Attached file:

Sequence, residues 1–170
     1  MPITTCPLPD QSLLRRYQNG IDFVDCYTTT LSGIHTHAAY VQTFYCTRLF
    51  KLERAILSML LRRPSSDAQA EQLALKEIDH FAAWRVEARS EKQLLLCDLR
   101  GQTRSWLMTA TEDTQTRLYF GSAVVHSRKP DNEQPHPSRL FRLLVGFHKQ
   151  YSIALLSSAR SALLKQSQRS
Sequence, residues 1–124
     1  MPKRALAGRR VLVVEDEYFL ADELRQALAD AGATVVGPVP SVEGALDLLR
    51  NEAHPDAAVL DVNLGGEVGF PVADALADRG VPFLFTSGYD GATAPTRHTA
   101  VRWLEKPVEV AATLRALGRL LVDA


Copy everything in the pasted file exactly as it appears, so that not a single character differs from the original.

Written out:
Sequence, residues 1–170
     1  MPITTCPLPD QSLLRRYQNG IDFVDCYTTT LSGIHTHAAY VQTFYCTRLF
    51  KLERAILSML LRRPSSDAQA EQLALKEIDH FAAWRVEARS EKQLLLCDLR
   101  GQTRSWLMTA TEDTQTRLYF GSAVVHSRKP DNEQPHPSRL FRLLVGFHKQ
   151  YSIALLSSAR SALLKQSQRS
Sequence, residues 1–124
     1  MPKRALAGRR VLVVEDEYFL ADELRQALAD AGATVVGPVP SVEGALDLLR
    51  NEAHPDAAVL DVNLGGEVGF PVADALADRG VPFLFTSGYD GATAPTRHTA
   101  VRWLEKPVEV AATLRALGRL LVDA